1. They either see the airport environment and continue to the visual segment, or
  2. They execute the missed approach.

There is no level segment using CDFA. If the runway becomes visible after the missed approach has begun, it is too late to attempt to land. The airplane is no longer stabilized and has passed the point where a normal landing can be made using normal maneuvers.

It's All About the MDA

The biggest trap operators can fall into when performing CDFA is assuming, like an ILS, the vertical path can be flown all the way to the runway. Pilots have a habit of assuming if they’re on a path, it is clear all the way to the runway. That’s only true if the approach has a Glideslope or Flight Path Angle. Vertical Descent Angles aren’t anything more than an angle from the FAF to the runway threshold. Although it may look like an ILS and fly like an ILS, only the ILS (or LNAV/VNAV and LPV) has a guaranteed obstacle-free path to the runway.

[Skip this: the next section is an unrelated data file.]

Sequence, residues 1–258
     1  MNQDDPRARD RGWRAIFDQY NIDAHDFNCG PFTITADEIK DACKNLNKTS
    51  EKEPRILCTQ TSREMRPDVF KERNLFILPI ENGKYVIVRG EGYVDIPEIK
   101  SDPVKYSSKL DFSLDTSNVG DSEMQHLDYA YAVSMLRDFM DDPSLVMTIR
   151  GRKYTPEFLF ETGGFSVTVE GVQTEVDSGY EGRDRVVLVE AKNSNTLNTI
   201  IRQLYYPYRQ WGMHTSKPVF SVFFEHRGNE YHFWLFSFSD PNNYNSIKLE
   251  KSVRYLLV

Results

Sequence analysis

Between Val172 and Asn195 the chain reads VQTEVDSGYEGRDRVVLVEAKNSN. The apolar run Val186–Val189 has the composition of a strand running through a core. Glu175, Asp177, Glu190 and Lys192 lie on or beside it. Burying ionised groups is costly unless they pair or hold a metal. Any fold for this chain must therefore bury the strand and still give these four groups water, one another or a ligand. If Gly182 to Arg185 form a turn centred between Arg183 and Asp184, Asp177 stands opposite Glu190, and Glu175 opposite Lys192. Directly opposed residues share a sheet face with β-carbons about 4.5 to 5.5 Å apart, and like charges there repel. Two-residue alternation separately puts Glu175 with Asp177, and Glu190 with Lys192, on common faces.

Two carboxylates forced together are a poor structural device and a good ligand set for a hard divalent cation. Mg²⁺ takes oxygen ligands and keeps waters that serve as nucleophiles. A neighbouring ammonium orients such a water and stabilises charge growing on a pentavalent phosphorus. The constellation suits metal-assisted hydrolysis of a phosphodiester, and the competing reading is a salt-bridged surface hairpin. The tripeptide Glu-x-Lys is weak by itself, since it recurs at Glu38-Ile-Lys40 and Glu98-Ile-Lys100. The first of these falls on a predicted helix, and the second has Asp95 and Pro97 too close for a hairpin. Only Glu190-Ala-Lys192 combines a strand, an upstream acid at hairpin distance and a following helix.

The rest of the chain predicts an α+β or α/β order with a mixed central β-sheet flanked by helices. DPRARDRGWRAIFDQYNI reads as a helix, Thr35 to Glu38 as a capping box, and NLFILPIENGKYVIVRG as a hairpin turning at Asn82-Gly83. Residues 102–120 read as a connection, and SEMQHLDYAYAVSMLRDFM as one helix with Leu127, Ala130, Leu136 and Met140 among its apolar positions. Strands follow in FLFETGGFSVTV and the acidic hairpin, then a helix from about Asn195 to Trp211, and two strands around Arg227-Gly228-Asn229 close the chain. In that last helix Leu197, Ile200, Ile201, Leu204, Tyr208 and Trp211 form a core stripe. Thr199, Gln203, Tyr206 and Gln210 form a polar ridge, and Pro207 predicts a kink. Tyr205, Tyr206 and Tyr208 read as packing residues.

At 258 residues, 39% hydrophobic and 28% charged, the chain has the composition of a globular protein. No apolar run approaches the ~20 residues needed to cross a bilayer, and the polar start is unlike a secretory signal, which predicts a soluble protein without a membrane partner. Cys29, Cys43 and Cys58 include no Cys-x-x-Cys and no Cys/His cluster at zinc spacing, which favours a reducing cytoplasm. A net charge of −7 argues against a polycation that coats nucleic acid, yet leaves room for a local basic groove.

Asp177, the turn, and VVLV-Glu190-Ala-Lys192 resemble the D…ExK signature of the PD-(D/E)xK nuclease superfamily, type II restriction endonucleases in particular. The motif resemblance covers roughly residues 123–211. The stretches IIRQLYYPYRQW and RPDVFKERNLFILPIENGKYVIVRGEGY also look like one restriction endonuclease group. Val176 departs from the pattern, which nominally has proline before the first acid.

It can be easy to get lulled into a false sense of security using DDA because of the functional similarities to precision approaches, but understanding the three types of vertical profiles on plates will prevent running into things when below the MDA. As mentioned above, the three profile types are:

Charts Copyright Jeppesen, Inc. – Used by Permission – Not for Navigation